Hump Day: ‍Williams tragedy reminds us depression can happen to anyone

Hump DaHump Dayy
By Brian Cormier
Wednesday, Aug. 13, 2014
Moncton Times & Transcript
Editorial section

Some weeks, column ideas come easily. Someone rings my doorbell and runs. Someone is rude to me. I do something stupid. I was stressing out about a column idea this week and started writing one of those ‘where has the summer gone’ columns out of desperation when the news of actor and comedian Robin ‍Williams’ death popped up on my Facebook newsfeed like some terrible nightmare.

Initial news reports are that he committed suicide. He had a long history of substance abuse and depression.

I didn’t know him, of course, but he made me laugh more often than anyone. What an awful irony that he was able to please so many people through his comedy and acting while at the same time feeling so utterly hopeless that he took his own life.

Mental illness can affect anyone. The rich. The poor. The big. The small. The tall. The short. The old. The young. It doesn’t discriminate. It can hold anyone in its vicious grip. And while society has come a long way in recognizing mental illness as a genuine disease, it still has a long way to go.

My own family has been deeply affected by depression. My paternal grandmother suffered from depression and there are several of her relatives who have it today. Depression certainly isn’t a new discovery. People were being diagnosed years ago, but using different terminology and treatments that we’d consider crude today.

Robin Williams
Robin Williams

A while back, I’d looked up a number of death certificates of relatives online through the provincial archives. Family depression issues certainly didn’t start with my grandmother. They were passed down to her from further up the family tree – and probably started way before proper records were maintained.

For example, the death certificate of my great-great-grandmother Julienne Robichaud (my grandmother’s grandmother) states that she’d suffered from “recurrent mania” for 50 years and that it contributed to her eventual death. From the location of her death – the Provincial Hospital in Saint John – it was also clear that she was institutionalized at the time of her passing in May 1923. I can only imagine what kind of place it was 91 years ago. Makes me shiver just to think about it.

And since she’d suffered from this so-called “recurrent mania” for 50 years, that meant she had documented (and I assume severe) mental health issues since the 1870s, hardly an era when there was a lot of understanding or meaningful treatment.

But with all we know and the strides we’ve made in openness about depression, it still astounds us when a celebrity like Robin ‍Williams takes his own life. He would have all the money in the world to help himself. He could have the best treatment. The best doctors. The best medication. The best support. But sometimes it just isn’t enough. Depression is an illness just like anything else. We don’t blink an eye when someone rich and famous dies of cancer or a heart attack. But depression? Even I have to admit I shook my head for a minute, wondering how he could not have received the care he needed with all that money, fame and support. The sad fact of the matter is that unless you literally tie someone to a chair and feed them with a spoon, we can’t control someone 24/7.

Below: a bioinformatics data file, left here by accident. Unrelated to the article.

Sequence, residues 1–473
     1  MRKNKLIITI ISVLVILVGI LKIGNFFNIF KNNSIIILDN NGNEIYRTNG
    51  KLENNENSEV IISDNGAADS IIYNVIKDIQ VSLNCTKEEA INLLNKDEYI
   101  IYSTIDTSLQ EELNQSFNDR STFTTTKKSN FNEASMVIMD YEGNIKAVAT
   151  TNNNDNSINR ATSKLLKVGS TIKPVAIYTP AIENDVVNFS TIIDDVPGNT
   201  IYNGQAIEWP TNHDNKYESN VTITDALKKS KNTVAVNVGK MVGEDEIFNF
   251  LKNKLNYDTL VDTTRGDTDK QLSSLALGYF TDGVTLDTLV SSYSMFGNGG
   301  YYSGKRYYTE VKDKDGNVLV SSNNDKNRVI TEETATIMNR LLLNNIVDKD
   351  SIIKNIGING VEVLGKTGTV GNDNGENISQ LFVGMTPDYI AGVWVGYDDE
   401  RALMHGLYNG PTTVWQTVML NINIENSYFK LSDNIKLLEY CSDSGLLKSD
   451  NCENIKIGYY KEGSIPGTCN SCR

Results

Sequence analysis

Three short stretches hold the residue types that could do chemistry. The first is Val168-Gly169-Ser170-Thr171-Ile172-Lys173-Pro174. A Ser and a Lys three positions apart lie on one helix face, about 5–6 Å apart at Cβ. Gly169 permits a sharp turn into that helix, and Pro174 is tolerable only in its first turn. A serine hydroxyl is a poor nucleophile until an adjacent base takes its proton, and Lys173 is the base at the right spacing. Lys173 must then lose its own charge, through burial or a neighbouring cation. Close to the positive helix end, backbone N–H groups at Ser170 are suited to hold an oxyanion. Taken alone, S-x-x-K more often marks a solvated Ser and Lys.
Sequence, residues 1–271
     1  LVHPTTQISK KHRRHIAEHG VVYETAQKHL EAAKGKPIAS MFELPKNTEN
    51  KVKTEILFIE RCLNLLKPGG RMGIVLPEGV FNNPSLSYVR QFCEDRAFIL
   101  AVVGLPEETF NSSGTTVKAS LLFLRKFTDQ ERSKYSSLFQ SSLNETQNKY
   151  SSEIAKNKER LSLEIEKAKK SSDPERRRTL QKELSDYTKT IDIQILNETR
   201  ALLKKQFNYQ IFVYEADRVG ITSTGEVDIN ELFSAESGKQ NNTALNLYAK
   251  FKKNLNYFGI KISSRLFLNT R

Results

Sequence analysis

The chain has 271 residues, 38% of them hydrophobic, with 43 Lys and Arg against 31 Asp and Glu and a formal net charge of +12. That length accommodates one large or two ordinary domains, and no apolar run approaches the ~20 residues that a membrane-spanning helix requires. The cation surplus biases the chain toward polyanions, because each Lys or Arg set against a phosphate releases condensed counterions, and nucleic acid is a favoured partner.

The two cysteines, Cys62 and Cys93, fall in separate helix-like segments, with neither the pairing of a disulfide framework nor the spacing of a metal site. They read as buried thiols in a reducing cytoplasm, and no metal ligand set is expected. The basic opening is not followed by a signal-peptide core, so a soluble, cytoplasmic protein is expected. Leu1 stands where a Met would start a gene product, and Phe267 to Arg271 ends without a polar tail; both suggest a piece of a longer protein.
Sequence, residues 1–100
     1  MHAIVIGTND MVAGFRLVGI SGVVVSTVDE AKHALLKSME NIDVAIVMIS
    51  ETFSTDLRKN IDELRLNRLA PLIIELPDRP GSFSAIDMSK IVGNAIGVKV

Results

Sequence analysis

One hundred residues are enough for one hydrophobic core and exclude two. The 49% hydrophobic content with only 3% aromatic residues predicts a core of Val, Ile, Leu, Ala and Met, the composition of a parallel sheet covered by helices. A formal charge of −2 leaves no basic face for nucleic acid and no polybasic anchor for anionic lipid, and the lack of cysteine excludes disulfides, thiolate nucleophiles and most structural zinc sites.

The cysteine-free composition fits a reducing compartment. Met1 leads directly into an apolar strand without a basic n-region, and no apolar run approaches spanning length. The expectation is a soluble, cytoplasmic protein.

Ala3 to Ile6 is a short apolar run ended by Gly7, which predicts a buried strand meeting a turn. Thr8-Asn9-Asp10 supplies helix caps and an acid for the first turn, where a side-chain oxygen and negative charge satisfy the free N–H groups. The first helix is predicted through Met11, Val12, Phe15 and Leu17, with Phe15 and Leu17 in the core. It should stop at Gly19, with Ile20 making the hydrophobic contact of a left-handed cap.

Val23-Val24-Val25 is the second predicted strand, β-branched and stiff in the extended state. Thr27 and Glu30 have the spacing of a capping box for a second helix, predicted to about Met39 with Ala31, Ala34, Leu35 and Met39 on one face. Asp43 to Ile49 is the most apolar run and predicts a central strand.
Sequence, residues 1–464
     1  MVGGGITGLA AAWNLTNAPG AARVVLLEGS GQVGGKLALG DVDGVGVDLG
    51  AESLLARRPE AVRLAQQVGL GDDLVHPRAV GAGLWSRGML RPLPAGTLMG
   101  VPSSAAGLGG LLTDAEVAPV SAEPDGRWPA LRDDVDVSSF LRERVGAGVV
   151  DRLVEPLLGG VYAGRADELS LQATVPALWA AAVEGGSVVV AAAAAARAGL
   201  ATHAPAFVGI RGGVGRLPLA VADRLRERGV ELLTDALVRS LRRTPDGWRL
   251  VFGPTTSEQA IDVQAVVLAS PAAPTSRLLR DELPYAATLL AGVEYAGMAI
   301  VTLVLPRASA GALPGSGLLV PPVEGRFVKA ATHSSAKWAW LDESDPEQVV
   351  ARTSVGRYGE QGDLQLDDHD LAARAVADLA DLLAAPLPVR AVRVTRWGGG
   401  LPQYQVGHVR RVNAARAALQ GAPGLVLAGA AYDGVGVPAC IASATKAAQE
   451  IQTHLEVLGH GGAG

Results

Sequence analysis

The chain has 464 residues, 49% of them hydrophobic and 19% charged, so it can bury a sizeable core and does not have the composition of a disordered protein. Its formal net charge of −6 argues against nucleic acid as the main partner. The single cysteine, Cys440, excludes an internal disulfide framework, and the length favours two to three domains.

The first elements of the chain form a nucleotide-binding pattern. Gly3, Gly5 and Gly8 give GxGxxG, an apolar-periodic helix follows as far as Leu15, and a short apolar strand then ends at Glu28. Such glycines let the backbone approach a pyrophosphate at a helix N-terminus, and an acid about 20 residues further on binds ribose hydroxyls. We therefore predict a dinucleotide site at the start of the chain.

I’ve known a few people who’ve committed suicide – some well and some not so well. From what I understand from their individual stories, they all suffered from depression and they all planned it. Some had attempted and failed – some more than once. Eventually, though, despite all the support and treatment, that vicious ogre of depression sank in again and they could not be saved from it.

Some want everything hushed. We don’t speak of these things, don’t you know! Actually, the more we talk about it, the more people suffering from depression – and those around them – will recognize the signs and get the help they need. Like everyone, I have my own quirks and issues, but I’m so thankful that depression isn’t one of them – at least at this time. I can’t predict the future. And I hope I never have to deal with it. Just hearing that people feel hopeless is painful to me. I’ve never felt hopeless, even when things weren’t going that great – and I hope I never do.

Robin ‍Williams made so many people laugh. I would make sure I recorded his talk show appearances because I knew he would do something crazy that would leave the host and the audience (and me!) in stitches. He raised tens of millions of dollars for the homeless through his Comic Relief charity work with fellow celebrities Whoopi Goldberg and Billy Crystal. He won an Oscar for Good Will Hunting, a great movie.

And he also starred in another film that has been my favourite since the day I saw it in a cinema in 1989 – Dead Poets Society. I was engrossed throughout the movie. The scenery. The friendships. The betrayal. The death scene twist. The heartache afterwards, including an emotional scene where Mr. ‍Williams cries at the loss of his student from suicide. Today, his family, friends and fans are doing the same, but this time in real life.

I also give him credit for bringing cable TV into the Cormier household in the late 1970s. With talk of “Nanu! Nanu!” everywhere in school and Mork and Mindy not being available on non-cable TV, I remember convincing my parents that my brother, sister and I were practically abused children because we couldn’t watch the show. Eventually, we wore them down and Mork and Mindy – and Robin ‍Williams – became part of our lives.

Wherever you are, Robin ‍Williams, I hope you’ve found peace and can laugh again – and thanks for the cable TV.

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